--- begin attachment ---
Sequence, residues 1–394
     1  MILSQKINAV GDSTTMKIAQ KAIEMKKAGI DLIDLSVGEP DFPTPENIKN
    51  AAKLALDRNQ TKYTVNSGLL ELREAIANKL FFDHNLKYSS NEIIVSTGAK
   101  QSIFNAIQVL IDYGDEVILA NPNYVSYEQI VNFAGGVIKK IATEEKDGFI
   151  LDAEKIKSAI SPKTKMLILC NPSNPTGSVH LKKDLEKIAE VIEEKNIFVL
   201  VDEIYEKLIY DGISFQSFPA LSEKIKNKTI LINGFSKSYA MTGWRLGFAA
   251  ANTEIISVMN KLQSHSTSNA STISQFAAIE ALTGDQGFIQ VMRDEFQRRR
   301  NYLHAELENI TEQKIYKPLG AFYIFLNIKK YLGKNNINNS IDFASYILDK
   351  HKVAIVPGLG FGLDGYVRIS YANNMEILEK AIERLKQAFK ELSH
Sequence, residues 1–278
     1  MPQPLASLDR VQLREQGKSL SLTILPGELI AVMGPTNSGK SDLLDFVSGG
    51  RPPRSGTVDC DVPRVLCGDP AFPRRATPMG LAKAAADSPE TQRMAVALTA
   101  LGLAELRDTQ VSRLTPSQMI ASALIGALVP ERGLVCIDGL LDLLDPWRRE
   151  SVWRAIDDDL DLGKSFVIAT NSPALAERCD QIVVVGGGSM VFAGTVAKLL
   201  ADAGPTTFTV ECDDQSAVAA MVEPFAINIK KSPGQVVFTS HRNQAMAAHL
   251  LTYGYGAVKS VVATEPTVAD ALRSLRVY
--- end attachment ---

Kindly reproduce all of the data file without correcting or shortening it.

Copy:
Sequence, residues 1–394
     1  MILSQKINAV GDSTTMKIAQ KAIEMKKAGI DLIDLSVGEP DFPTPENIKN
    51  AAKLALDRNQ TKYTVNSGLL ELREAIANKL FFDHNLKYSS NEIIVSTGAK
   101  QSIFNAIQVL IDYGDEVILA NPNYVSYEQI VNFAGGVIKK IATEEKDGFI
   151  LDAEKIKSAI SPKTKMLILC NPSNPTGSVH LKKDLEKIAE VIEEKNIFVL
   201  VDEIYEKLIY DGISFQSFPA LSEKIKNKTI LINGFSKSYA MTGWRLGFAA
   251  ANTEIISVMN KLQSHSTSNA STISQFAAIE ALTGDQGFIQ VMRDEFQRRR
   301  NYLHAELENI TEQKIYKPLG AFYIFLNIKK YLGKNNINNS IDFASYILDK
   351  HKVAIVPGLG FGLDGYVRIS YANNMEILEK AIERLKQAFK ELSH
Sequence, residues 1–278
     1  MPQPLASLDR VQLREQGKSL SLTILPGELI AVMGPTNSGK SDLLDFVSGG
    51  RPPRSGTVDC DVPRVLCGDP AFPRRATPMG LAKAAADSPE TQRMAVALTA
   101  LGLAELRDTQ VSRLTPSQMI ASALIGALVP ERGLVCIDGL LDLLDPWRRE
   151  SVWRAIDDDL DLGKSFVIAT NSPALAERCD QIVVVGGGSM VFAGTVAKLL
   201  ADAGPTTFTV ECDDQSAVAA MVEPFAINIK KSPGQVVFTS HRNQAMAAHL
   251  LTYGYGAVKS VVATEPTVAD ALRSLRVY